In the spirit of shifting blame back on the industry and being constructive, I’ve decided to link to some web shows mainstream TV critics might not know about because there are so many.

The Girls imbroglio, which was easy to see coming but surprised and heartened me in its scale, has shone a light on the ugly side of Hollywood most people forget about. Mainly, that mostly everyone is white, and most people in power are male. Alyssa Rosenberg has done a really great job highlighting this in the past week (see: her posts on women of color already writing for TV and her stats on their employment).

There’s been some discussion about how the Internet figures into all of this, with a number of people mentioning Awkward Black Girl, hugely popular and shopped to networks only to stay online (following The Guild, that might be a good call for Rae). Latoya Peterson linked to my black, gay and latino web series pages–links at the top–in her great critique of Girls.

I thought I’d make it easy, and, in the spirit of “put up or shut up,” spotlight a few shows, past and present, which could use an FX-style pick-up. A lot of these shows would be cheap to do but could benefit from the little bit of low-risk cash TV networks can deliver (I’ve highlighted shows by men and women, because the problem isn’t just with female-led shows on TV, far from it).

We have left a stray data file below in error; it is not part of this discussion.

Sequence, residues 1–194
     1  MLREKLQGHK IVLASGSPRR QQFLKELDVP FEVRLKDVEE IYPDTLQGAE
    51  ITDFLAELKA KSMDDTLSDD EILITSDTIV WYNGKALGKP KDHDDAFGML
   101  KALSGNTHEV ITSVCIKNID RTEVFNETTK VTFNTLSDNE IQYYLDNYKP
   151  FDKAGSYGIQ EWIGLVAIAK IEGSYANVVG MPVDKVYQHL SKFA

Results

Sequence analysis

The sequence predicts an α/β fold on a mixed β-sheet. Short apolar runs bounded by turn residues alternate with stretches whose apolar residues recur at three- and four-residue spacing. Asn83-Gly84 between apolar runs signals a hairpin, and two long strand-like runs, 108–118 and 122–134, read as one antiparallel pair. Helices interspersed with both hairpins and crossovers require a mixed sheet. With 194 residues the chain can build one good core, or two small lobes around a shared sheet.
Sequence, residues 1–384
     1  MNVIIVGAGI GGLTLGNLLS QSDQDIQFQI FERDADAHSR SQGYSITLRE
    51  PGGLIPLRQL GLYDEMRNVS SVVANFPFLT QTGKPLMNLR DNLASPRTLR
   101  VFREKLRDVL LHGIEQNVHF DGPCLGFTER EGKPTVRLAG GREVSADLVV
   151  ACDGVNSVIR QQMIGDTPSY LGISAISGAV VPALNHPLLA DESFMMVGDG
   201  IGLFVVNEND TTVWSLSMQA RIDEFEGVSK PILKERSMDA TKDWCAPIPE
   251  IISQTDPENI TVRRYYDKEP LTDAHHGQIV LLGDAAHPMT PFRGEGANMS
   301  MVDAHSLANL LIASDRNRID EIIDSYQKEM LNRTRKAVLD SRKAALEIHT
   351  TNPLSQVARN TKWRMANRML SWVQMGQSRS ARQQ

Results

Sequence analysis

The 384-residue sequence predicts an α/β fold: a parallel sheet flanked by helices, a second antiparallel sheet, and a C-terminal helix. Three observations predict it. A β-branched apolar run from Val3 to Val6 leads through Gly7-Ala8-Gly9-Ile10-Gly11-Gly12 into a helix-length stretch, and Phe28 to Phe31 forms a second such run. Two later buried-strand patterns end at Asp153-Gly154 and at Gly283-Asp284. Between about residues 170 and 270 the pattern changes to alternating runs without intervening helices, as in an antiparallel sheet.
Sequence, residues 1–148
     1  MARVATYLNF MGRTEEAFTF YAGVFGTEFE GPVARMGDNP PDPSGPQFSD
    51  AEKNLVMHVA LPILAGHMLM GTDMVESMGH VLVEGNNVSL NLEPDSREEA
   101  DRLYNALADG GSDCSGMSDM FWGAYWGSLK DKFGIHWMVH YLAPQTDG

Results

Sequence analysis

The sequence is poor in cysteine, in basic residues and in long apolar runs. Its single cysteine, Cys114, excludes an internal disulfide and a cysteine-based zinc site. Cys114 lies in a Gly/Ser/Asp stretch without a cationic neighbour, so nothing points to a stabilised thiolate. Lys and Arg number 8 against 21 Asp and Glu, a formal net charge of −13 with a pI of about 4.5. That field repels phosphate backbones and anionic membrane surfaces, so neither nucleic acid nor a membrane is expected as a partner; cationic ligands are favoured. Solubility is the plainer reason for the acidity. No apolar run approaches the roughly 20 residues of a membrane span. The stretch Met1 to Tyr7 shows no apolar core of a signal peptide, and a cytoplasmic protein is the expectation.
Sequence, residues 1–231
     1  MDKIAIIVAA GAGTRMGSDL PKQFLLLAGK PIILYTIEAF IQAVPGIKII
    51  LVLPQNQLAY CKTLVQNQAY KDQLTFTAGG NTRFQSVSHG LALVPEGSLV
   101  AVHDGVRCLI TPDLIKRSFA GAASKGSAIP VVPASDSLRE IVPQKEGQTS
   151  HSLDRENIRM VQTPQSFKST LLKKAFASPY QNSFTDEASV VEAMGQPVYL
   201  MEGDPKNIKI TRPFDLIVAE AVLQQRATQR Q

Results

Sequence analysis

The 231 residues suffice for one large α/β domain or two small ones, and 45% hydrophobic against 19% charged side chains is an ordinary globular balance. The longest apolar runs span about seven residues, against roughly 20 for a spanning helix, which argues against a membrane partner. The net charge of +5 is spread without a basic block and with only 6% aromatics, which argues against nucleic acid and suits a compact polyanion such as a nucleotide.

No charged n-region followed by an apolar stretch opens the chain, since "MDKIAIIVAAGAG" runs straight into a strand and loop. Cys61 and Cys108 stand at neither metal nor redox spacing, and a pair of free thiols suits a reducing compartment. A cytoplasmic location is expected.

As always, this is the tip of very large iceberg. Please put other suggestions in the comments!

Read the Post Ten Diverse Web Shows To Solve HBO’s Girls Problem [Culturelicious]

May 1, 2012 / / diversity
April 19, 2012 / / academia

By Guest Contributor Kendra James

Lena Dunham (third from left) and cast of Girls. Courtesy: Rolling Stone.

The advertisements for the new HBO series Girls presented us with main character Hannah referring to herself (while on drugs) as “The Voice of a Generation.” Salon calls the show a “generational event,” and other reviewers rave over the series’ realism and call it “spot on,” and the characters’ feature by Emily Nassbaum in New York Magazine refers to it as “FUBU: For Us, By Us.”

But which “us” are you talking about? And how is this a realistic? I asked myself, as I struggled to figure out exactly what I had in common with these four white girls.

I only became more confused when I remembered what Dunham and I actually do share.
Read the Post Dear Lena Dunham: I Exist